The treatments for rosacea focus on controlling its signs and symptoms. Most of the time, these require a combination of good skincare and prescription medications. The duration of the treatment also depends on the type and severity of the signs and symptoms. Also, for this skin condition, recurrence is common. Below are the different treatment options for rosacea:


person with medicated ointment on rosacea flare ups

In recent years, there have been new rosacea medications that have been developed. But the type of medication your doctor prescribes depends on the signs and symptoms that you are experiencing. There may be some conditions that require trying different options or a combination of medications to find a treatment that will work best. Below are some examples of prescription medications for rosacea:

  • Topical drugs that reduce flushing: Doctors may prescribe a cream or gel that is applied to the affected skin topically for mild to moderate cases of rosacea. Topical creams like Brimonidine and oxymetazoline can help reduce flushing by constricting blood vessels. However, the effect of these medications is temporary. This means that you need to apply them regularly to maintain improvements. Aside from these, there are other topical products that you can use to control mild rosacea, such as metronidazole and ivermectin.[2] 
  • Oral Antibiotics: Doctors may also prescribe oral antibiotics like doxycycline for moderate to severe rosacea that involve bumps and pimples.
  • Oral Acne Medication: If your rosacea is severe and does not respond to therapies, doctors may suggest the use of isotretinoin. It is a strong oral acne drug that helps clean up acne-like lesions of rosacea. However, this medication can’t be used during pregnancy as it can cause serious birth defects.[2] 

To provide you more ideas, below are the FDA-approved five ingredients for the treatments of rosacea that you might encounter in the topical drugs and oral medications that doctors will prescribe you with:

  • Metronidazole 0.75% and 1%: This is an antibiotic that may be prescribed in combination with another medication. This may come in the form of cream, gel, or lotion, and it can help reduce discoloration, inflammation, and oxidative stress.
  • Azelaic Acid 15%: Azelaic acid is a common treatment for papulopustular rosacea. This treatment works by inhibiting the production of reactive oxygen species in immune cells.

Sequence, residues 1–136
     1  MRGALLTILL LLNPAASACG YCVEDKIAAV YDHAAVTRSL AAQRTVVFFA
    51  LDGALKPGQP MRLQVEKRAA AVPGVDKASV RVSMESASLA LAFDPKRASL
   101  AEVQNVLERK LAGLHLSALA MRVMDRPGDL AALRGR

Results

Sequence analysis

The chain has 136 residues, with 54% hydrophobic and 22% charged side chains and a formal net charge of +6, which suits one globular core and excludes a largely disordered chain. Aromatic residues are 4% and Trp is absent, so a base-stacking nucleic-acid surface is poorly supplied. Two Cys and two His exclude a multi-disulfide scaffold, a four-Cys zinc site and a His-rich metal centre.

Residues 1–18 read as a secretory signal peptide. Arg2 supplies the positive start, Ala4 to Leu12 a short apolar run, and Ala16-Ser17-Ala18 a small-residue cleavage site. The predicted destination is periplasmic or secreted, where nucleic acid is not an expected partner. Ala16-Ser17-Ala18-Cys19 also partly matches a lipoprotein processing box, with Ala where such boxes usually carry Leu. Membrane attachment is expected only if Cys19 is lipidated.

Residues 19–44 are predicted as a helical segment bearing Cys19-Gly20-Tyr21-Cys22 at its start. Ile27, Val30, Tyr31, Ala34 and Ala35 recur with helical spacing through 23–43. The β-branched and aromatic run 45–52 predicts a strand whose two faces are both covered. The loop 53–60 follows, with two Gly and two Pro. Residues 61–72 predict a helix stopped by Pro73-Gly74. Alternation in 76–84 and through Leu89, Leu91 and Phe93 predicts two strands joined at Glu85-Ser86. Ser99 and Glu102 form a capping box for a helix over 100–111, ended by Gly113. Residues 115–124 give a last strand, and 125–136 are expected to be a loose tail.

• Brimonidine 0.33%: Brimonidine works by constricting blood vessels on the surface of the skin, which helps with persistent rosacea.
  • Ivermectin 1%: Ivermectin is an effective treatment for papulopustular rosacea. It treats the skin condition by easing inflammation, fighting microbes, and targeting the Demodex mites in the skin. It can also reduce the appearance of blemishes and bumps associated with rosacea.
  • Sulfacetamide 10% with sulfur 5%: Sulfacetamide with sulfur have been effective rosacea treatments in the past, but now they are second-line treatments because of the newer agents available in the market that are safer for the skin. 

Keep in mind that your doctor or dermatologist knows the best treatment option for you as they diagnose and check your condition. Do not self-medicate. These treatments are not available over the counter. But if you can’t make it to a dermatologist in person, virtual appointments are also reliable, and some dermatologists are currently offering them.

Laser Therapy

woman undergoing laser therapy

Due to the laser’s focus on visible veining, laser therapy can reduce the visibility of swollen blood vessels. It is effective on skin that is not tanned, brown, or black. However, before you undergo this type of therapy, you need to speak with your doctor first about its risks and benefits.[2]  

Keep in mind that laser therapy for rosacea may have side effects. Some of these include swelling and bruising that might last for a few days. During the recovery period, icing and gentle skin care are needed. When laser therapy is done on brown or black skin, it might cause long-term or permanent discoloration of the treated skin. 

When you undergo laser therapy, its full effect might not be noticeable for weeks. Also, repeat treatments might be needed periodically to maintain the improved appearance o the skin. This method is also usually considered a cosmetic procedure, which most insurance does not cover.[2] 

Lifestyle and Home Remedies

woman applying sunscreen on her face

Aside from medications and therapy, there are also self-care practices that may help control the signs and symptoms of rosacea to prevent its flare-ups. Below are some of them:

Determine the Triggers and Avoid Them